i actually am talking about the Espressop blend i bought ( at The Elysian btw) i quite like it so yes not even sure what the blend is but i really like it

                                        1. re: vandan

                                          Ha, awesome. Black Cat works well as brewed coffee for sure. It's mostly from Brazil, with a bit of El Salvador at the moment. It does tend to change every month or so depending on coffee availability.

                                        2. re: peter.v

                                          i kind of knew that , but will an aeropress give the closest espresso like cupper other than the actual machine

                                          1. re: vandan

                                            I use my Aeropress almost daily. It is closer to a strong americano. Or perhaps a strong french press without the fines (owing to the paper filter).

                                            It can be espresso-like with crema, etc sometimes. It depends on the beans and its freshness.

                                            1. re: fmed

                                              Cool because the ultimately what I'm to achieve minus the expensive machine

                                              1. re: vandan

                                                Edit: what i was trying to say was that ultimately that is what I want to achieve

                                2. Btw I mean the ground up beans

                                  1 Reply
                                  1. re: vandan

                                    not roughly chopped with your new cleaver...?

                                  2. Hey all, I'm looking to buy a french press for my gf. We previously had a Bodum french press but the filter part recently broke.

                                    I've never heard of the aeropress before. How do you guys find it? There seems to be a lot of steps involved to making a cup of coffee. If you were to choose a bodum french press (or any other brand) or the aeropress which one would you guys prefer?

                                    thanks in advance!

                                    3 Replies
                                    1. re: mh0408

                                      The Frieling press mentioned above is a nifty French press, combining durability, good looks and keeping warm capacity. I bought one for the parentals at 49th Parallel on 4th so you could check and see if they still have them but I don't think they do. Here's a link to a pic of one to see if you like the styling, which is quite different from the Bodum you're used to: http://www.amazon.ca/Frieling-Ultimo-...

                                      1. re: grayelf

                                        Elysian carries Frieling presses again.

                                        Also, just as a note, the Aeropress is not a french press, but is a unique brewing method. I quite enjoy mine, especially with the Able Brewing Disk filter, an aftermarket metal filter designed for the Aeropress.

                                      2. re: mh0408

                                        Ended up bihing an aeropress, love it and making coffee is easy peasy

                                      3. i like the thermal french press

                                        also - i like those things they have in hotels now - the little plastic cups that you shove in to slot on machine. some are in London Drugs. I probably would not buy one for home but ....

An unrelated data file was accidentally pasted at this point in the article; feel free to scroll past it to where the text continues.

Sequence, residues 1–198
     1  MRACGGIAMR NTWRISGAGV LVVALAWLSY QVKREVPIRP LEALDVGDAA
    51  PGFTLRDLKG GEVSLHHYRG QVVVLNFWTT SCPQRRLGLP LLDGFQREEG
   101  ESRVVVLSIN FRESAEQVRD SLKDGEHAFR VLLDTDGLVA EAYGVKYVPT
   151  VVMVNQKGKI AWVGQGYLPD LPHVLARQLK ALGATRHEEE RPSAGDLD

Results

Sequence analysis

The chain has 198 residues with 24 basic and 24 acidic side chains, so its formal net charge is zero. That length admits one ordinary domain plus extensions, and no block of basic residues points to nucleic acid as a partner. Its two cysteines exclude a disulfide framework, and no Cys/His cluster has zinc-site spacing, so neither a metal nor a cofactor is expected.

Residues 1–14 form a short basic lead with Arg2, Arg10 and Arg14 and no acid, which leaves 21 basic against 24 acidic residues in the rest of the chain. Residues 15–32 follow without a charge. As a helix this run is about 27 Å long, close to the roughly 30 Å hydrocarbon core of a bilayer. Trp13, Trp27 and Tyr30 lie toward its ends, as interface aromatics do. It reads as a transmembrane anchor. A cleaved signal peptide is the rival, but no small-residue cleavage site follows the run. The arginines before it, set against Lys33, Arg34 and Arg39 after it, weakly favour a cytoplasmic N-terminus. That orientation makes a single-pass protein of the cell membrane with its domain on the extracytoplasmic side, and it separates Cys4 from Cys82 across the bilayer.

i would never pay big bucks for coffee
                                        we had one of those *it was a gift) and never used it - returned it. it was restaurant quality

                                        that said, we have italian friends who swear by their huge (relative term) countertop big machine. they can't live w/0 it --- clearly i could

                                        1. I'm surprised no one has mentioned the Bialetti Mokka pot. Every home we stayed at in Italy used these for their in-home coffee making needs and we've been using them ever sense. Hands down the aforementioned Espressotec in Richmond has the best price I've found.

                                          1 Reply
                                          1. re: islandgirl

                                            We had a Mokka (the black and white one that looks like cowhide, LOL) that worked quite well for several years. Then it didn't, so it got the boot. Weirdly, the best price I saw for it was at Gourmet Warehouse, but that was a while ago.

                                          2. Why not get one of Vancouver's own Espro Presses? Much cleaner brew than a French Press. I still prefer an AeroPress or V60 over it but it's easier for multiple cups.

                                            1. If you want to go high end then get an espro press or a stainless one. They are pricey but they will last forever. Its probably a worthwhile purchase

                                              The glass ones will break and are expensive and a pain in the arse to replace.

                                              or go low end:

                                              Its works great and when you break it....just buy a new one.

                                              3 Replies
                                              1. re: koshfoodie

                                                Can you buy an espro press locally or strictly online ?

                                                1. re: vandan

                                                  The Espro Press website lists several retailers in the lower mainland. Just click on to "find a retailer" to find out which is closest to you.